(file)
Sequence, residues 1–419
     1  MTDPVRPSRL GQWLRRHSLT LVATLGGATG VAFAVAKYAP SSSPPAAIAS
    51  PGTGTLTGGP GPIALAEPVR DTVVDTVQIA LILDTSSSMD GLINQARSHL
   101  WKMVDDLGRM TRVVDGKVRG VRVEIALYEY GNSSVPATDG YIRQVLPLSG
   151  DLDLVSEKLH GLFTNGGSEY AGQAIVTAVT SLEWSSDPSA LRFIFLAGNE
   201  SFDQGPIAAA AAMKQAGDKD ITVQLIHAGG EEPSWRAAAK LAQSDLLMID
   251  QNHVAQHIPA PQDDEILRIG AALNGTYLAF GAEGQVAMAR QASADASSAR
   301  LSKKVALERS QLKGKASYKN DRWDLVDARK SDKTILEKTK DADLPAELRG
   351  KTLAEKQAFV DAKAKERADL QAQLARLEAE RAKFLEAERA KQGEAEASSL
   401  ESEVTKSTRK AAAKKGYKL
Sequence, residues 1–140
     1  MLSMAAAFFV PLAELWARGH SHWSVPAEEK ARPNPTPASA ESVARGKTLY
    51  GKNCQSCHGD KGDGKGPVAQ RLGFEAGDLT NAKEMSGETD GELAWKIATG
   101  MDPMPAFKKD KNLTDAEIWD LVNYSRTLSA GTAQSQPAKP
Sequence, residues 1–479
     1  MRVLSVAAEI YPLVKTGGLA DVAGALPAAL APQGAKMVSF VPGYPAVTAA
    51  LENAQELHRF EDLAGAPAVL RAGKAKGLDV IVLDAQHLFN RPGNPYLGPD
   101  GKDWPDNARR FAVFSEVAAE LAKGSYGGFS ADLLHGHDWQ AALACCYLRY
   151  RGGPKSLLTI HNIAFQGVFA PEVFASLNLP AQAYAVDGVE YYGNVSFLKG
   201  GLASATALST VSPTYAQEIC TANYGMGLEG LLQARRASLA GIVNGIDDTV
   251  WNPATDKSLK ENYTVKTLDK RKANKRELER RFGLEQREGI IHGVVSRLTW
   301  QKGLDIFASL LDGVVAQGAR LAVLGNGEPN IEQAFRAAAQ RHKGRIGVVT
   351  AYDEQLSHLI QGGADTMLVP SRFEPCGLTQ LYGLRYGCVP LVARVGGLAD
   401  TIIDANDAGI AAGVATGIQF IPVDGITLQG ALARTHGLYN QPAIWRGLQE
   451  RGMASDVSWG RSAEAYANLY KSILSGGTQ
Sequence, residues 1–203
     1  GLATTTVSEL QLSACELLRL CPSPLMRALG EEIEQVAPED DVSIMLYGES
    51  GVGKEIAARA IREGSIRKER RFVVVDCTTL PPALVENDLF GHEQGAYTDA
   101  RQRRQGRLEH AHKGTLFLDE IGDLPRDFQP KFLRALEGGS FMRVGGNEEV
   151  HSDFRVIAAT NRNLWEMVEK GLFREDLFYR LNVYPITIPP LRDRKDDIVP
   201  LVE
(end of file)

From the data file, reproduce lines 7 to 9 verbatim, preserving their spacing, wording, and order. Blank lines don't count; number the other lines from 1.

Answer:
   251  QNHVAQHIPA PQDDEILRIG AALNGTYLAF GAEGQVAMAR QASADASSAR
   301  LSKKVALERS QLKGKASYKN DRWDLVDARK SDKTILEKTK DADLPAELRG
   351  KTLAEKQAFV DAKAKERADL QAQLARLEAE RAKFLEAERA KQGEAEASSL